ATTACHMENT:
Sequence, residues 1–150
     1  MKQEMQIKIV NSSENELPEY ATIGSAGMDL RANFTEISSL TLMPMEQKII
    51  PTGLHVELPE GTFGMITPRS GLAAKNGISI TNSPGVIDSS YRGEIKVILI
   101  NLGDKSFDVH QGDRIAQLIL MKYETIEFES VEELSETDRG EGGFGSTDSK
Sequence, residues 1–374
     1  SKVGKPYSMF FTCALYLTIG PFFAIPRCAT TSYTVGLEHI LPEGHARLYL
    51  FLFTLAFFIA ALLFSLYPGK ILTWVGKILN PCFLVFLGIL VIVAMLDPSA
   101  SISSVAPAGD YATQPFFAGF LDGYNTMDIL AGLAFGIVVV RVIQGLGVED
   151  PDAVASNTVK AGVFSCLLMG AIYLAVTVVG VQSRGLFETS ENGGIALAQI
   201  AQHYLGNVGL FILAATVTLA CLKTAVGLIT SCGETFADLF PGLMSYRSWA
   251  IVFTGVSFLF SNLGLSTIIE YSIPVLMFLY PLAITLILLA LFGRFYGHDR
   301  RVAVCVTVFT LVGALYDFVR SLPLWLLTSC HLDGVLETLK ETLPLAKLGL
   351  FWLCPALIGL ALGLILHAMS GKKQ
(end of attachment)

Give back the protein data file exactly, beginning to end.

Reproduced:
Sequence, residues 1–150
     1  MKQEMQIKIV NSSENELPEY ATIGSAGMDL RANFTEISSL TLMPMEQKII
    51  PTGLHVELPE GTFGMITPRS GLAAKNGISI TNSPGVIDSS YRGEIKVILI
   101  NLGDKSFDVH QGDRIAQLIL MKYETIEFES VEELSETDRG EGGFGSTDSK
Sequence, residues 1–374
     1  SKVGKPYSMF FTCALYLTIG PFFAIPRCAT TSYTVGLEHI LPEGHARLYL
    51  FLFTLAFFIA ALLFSLYPGK ILTWVGKILN PCFLVFLGIL VIVAMLDPSA
   101  SISSVAPAGD YATQPFFAGF LDGYNTMDIL AGLAFGIVVV RVIQGLGVED
   151  PDAVASNTVK AGVFSCLLMG AIYLAVTVVG VQSRGLFETS ENGGIALAQI
   201  AQHYLGNVGL FILAATVTLA CLKTAVGLIT SCGETFADLF PGLMSYRSWA
   251  IVFTGVSFLF SNLGLSTIIE YSIPVLMFLY PLAITLILLA LFGRFYGHDR
   301  RVAVCVTVFT LVGALYDFVR SLPLWLLTSC HLDGVLETLK ETLPLAKLGL
   351  FWLCPALIGL ALGLILHAMS GKKQ